One-time Google Glass enthusiast Robert Scoble is always an entertaining read, although he’s not exactly someone whom tech companies should take advice from. After all, Scoble was once so enthusiastic about Google Glass that he compared it to the Apple II and similarly said it would revolutionize the way we do computing. Needless to say, that hasn’t turned out to be the case, as even Scoble admitted earlier this year that Glass in its current incarnation is “doomed.”
It’s from this perspective that we should read Scoble’s recent comments in an interview with GeekWire where he says that Microsoft ought to just dump all its ambitions at building a competitive mobile platform and concentrate on making apps and services for Android phones.
“That train has sailed,” Scoble told Geekwire. “The real answer is, give up Windows Phone, go Android, and embrace and extend like you did with the Internet.”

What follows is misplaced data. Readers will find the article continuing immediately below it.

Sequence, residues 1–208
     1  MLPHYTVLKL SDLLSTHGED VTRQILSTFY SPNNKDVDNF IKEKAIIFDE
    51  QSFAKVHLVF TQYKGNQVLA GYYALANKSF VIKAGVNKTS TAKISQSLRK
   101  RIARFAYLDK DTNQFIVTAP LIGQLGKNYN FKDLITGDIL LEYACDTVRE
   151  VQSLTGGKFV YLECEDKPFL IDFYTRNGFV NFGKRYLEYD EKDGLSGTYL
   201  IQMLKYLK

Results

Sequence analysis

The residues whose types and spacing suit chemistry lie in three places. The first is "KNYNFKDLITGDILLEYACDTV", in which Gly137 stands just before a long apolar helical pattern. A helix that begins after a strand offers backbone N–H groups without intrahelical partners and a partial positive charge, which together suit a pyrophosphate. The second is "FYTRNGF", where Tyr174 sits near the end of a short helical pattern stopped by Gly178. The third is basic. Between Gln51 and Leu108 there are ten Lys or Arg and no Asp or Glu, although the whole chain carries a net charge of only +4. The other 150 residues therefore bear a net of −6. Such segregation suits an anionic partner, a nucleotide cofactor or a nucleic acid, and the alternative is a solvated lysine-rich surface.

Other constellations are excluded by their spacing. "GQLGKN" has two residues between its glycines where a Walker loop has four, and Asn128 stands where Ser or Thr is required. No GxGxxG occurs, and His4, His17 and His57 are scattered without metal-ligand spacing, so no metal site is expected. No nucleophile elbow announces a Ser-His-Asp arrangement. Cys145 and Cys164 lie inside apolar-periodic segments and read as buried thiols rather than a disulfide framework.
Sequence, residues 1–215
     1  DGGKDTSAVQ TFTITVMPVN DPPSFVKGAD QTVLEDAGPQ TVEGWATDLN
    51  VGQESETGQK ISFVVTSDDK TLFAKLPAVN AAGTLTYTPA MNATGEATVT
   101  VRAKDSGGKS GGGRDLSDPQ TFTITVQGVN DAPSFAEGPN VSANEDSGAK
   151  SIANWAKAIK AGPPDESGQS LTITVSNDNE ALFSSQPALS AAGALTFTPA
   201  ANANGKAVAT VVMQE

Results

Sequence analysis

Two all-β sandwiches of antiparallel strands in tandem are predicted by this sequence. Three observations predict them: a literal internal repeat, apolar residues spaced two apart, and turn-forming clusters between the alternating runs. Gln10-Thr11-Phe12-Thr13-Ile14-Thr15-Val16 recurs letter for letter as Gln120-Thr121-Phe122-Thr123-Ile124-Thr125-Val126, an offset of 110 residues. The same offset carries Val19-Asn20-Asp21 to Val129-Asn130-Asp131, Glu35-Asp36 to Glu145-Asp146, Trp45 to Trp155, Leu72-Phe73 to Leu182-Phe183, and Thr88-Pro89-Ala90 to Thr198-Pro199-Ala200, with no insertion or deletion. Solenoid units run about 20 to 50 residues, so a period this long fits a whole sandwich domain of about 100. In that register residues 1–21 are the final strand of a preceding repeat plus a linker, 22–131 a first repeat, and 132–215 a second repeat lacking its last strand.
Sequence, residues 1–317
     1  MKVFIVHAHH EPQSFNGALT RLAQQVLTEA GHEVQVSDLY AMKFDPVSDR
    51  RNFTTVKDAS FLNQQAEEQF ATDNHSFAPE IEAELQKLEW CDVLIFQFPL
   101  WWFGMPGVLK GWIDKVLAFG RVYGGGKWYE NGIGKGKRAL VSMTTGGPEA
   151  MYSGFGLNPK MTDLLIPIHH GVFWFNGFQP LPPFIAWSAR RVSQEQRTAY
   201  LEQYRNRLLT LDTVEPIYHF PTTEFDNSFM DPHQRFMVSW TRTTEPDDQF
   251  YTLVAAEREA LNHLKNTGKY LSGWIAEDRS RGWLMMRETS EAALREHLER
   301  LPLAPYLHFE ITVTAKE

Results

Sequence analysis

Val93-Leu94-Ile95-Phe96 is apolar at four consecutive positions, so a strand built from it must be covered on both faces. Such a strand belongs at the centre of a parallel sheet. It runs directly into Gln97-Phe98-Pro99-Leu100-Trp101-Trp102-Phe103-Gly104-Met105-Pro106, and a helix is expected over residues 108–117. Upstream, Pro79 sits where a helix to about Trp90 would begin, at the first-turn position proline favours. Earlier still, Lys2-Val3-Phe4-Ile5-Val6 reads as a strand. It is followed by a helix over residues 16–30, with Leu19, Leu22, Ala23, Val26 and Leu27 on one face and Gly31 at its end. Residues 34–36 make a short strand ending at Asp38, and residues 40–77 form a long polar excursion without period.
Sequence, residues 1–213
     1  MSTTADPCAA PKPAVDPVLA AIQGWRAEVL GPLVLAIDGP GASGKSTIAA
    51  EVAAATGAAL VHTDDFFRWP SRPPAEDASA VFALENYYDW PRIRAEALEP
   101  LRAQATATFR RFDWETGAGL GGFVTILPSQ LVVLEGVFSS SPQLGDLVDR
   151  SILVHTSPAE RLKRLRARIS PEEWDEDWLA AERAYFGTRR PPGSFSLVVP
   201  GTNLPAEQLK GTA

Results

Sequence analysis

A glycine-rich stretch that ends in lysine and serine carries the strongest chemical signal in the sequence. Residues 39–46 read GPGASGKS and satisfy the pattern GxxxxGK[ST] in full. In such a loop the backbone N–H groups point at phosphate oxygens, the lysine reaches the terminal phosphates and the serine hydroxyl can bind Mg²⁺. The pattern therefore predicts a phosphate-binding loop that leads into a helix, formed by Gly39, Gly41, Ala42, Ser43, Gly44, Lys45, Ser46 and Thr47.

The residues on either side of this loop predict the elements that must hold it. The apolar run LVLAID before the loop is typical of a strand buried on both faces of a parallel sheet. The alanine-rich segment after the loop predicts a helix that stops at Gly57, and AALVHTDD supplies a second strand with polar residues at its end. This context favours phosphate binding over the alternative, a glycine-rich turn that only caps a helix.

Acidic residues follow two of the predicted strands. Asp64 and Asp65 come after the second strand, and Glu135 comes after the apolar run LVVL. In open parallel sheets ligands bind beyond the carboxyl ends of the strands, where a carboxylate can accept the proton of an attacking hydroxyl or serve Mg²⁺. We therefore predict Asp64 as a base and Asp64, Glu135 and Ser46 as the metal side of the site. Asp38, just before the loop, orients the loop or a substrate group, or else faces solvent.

Elaborating a bit more, Scoble said that there was just no developer enthusiasm around Windows Phone and that Microsoft had no credible way to generate such enthusiasm given how much of a head start Apple and Android have.
“Windows Phone? I don’t know how you get developers excited by that,” he said. “I don’t understand how you get influencers excited by that. We have decided our phones; we’re not going to switch just because Microsoft says to switch.”
Although Windows Phone has certainly failed to take off, there’s little chance that the company flat-out dumps it unless it plans on getting out of the computing platform business all together. Rightly or wrongly, Microsoft is investing considerable resources integrating Windows Phone with traditional Windows so that the two platforms eventually become interchangeable.
The company knows it has no shot at remaining a longterm player in the computing platform world unless it can gain more traction in the mobile world. Simply dumping Windows Phone would be a massive concession of defeat in this crucial market, akin to if Apple had just decided to give up making Macs and concentrate solely on making iPods in the early part of last decade. The chances of Microsoft doing that are about as likely as the chances that consumers around the world will want to shell out $1,500 for a dorky-looking headset that gets them tossed out of bars and movie theaters.